Visitors

Thursday, February 6, 2014

Ding Dong Bell, Pussy's in the Well...

Most folks are pretty serious about how they take their coffee.  I know I am.  I prefer mine light and sweet.  It's a fairly simple recipe, but one that requires effort and planning.  We generally purchase enough supplies so I'm not caught short in the morning.  If, by chance, I reach for my cup of joe and there's no cream or sugar, I rarely drink it black.  I do not like to improvise.  I need to make arrangements to get myself safely to a place where they provide these ideal components.  It's that significant an experience.  Until then, I am in grave danger.

I was the same way with my drugs.  Sure, I loved to drink, but I also had to get high for everything to be perfect.  I needed both activities occurring simultaneously in order to achieve any satisfaction.  I did not like one without the other, so I never went without.  If I found myself coming up short, I started looking until I got what I needed.  The mere thought of not having enough made me feel like I might die.  I mean it.  Every single day involved extreme survival strategies.

It's easy to lose your bearings when you're strung out.  Going up and coming down, always moving.  I was pointed squarely in death's direction.  I was just too fucked up to realize I was dying.

*******

I didn't go to therapy hoping to get sober.  I just wanted some sleep.  I was hoping to snow job the doctor and score enough pills that could knock me out.  I liked the idea of something other than myself telling me how to feel.  It seemed easier than figuring things out of my own.

By the time I got to my late afternoon appointment, I was plenty irritable.  Doing speed all day without drinking put me in a jangly state, but I knew I couldn't show up to therapy with booze on my breath.  I had to demonstrate to this quack that I was an ideal candidate for prescription sedatives.  God, I needed a drink in the worst way.

Dr. Korman opened the door to his office and suggested I come in.  He was tall and conservative looking.  Super straight, almost stiff.  He asked me quite a few questions about my general condition and habits.  I was reluctant to answer truthfully.  I was embarrassed.  I wanted to feel ambivalent about my behavior, and I wasn't ready to change.  If I didn't put into words what was going on, I could convince myself that nothing was wrong.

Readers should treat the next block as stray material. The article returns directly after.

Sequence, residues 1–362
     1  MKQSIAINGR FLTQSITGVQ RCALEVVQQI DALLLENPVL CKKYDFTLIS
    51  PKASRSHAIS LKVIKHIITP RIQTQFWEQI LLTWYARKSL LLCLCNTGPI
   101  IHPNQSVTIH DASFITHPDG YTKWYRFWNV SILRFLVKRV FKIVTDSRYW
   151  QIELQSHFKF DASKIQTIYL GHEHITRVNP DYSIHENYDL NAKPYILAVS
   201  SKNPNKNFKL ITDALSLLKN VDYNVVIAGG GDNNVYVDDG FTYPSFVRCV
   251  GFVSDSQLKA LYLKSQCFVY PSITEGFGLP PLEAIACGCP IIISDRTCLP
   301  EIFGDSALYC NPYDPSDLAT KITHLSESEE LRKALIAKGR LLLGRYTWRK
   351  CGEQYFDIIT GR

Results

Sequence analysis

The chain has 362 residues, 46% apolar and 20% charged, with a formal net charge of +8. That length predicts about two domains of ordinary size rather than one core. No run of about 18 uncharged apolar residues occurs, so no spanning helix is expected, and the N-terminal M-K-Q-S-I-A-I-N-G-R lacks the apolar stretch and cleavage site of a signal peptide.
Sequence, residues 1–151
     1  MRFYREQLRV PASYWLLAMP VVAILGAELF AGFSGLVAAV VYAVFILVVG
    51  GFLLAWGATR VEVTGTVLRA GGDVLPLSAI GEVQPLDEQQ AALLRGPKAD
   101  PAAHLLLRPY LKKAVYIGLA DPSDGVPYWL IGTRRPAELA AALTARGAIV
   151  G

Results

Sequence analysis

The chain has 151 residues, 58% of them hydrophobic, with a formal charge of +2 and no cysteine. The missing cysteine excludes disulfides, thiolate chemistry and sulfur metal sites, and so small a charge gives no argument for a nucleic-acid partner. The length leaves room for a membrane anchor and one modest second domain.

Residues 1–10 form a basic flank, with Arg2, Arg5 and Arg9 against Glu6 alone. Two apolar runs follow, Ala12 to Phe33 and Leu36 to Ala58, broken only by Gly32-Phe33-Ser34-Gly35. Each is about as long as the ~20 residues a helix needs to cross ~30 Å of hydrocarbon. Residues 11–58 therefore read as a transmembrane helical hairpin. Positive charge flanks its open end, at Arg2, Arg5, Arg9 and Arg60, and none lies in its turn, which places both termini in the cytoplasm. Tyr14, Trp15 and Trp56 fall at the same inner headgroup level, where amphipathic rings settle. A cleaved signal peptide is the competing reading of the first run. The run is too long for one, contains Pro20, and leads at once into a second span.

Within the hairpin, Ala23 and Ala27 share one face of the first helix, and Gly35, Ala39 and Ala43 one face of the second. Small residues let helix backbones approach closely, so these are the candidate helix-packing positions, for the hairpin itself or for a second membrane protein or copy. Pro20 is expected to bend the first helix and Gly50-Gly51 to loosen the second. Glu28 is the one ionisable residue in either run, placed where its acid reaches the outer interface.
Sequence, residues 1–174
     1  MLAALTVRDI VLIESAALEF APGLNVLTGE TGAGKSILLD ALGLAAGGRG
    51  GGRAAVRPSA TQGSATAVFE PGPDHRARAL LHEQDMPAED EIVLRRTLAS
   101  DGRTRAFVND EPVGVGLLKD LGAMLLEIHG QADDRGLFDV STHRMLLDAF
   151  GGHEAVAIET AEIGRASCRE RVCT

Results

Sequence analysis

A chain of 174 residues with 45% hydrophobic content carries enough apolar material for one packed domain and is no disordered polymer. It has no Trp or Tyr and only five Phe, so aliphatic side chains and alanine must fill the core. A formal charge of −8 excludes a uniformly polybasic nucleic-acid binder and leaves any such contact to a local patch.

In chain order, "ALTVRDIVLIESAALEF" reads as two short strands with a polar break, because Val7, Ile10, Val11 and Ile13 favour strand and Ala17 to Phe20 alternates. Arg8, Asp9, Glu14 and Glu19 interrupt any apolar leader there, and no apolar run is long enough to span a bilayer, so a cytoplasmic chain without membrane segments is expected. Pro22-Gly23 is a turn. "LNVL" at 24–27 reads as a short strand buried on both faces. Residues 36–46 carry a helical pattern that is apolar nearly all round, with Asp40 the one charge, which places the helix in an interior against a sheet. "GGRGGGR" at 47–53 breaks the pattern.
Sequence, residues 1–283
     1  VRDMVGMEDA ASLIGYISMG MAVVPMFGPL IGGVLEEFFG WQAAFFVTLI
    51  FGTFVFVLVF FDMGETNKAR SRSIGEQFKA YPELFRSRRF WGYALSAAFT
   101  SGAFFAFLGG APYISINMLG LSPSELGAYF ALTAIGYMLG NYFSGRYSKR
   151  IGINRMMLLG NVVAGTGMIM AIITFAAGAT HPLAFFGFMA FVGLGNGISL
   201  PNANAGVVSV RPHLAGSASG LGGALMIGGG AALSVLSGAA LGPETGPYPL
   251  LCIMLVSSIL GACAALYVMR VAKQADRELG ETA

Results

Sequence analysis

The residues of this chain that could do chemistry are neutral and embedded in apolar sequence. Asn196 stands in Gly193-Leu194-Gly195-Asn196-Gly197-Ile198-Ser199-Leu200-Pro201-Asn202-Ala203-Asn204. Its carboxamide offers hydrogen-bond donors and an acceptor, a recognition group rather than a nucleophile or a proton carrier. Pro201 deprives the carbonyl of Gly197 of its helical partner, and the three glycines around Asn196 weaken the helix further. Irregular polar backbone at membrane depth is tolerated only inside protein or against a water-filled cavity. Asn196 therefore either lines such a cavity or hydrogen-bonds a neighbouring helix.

Lying in therapy is a huge impediment.  At best, it's a distraction and at worst, a manipulative pretense that will just postpone any real progress.  Initially, however, it feels like self-preservation.  And keep in mind, I was just in it for the drugs.

Do you smoke?
     No.
Do you drink alcohol?
     Occasionally.
How frequently do you drink in a week?
     Once, maybe twice.
How many drinks do you have?
     Two.
Do you use drugs?
     No.

Heh.  This was going great.
I had all the answers.

Dr. Korman asked a bunch of other questions, and I tried to keep things unfocused and confusing.  He wanted to know about my family and childhood.  He took a few notes here and there.  Mostly, he just listened while I yammered on about my mother.  I told him how scary it was to be with Charlie.  We talked about Dave and Kirin.  Plus, lots of other things that I don't remember.

Finally, Dr. Korman inquired, "Mary, why are you here?"
It's a reasonable question, but I had no response.
I just sat there on his couch, sinking in between the two heavy leather cushions.
I felt like I was trapped inside a deep, dark well.  I had no idea how I got there.

I found myself staring at the snow globe on Dr. Korman's coffee table.  I think snow globes are beautiful, especially the ones that play music.  I enjoy a glitter-filled melodic world.  It seems so nice.  But when the confetti starts to fall a little slower and the song begins to distort, I become preoccupied with the realization that it will end soon.  I shake it another time and wind it some more.  Again, again and again.  I cannot pull myself away.  I may just break it.  I know this about myself.

"Mary, why are you here?" the doctor asked a second time.
"I don't know," I said.  "I think I may be going crazy.  At least, I hope so."


No comments:

Post a Comment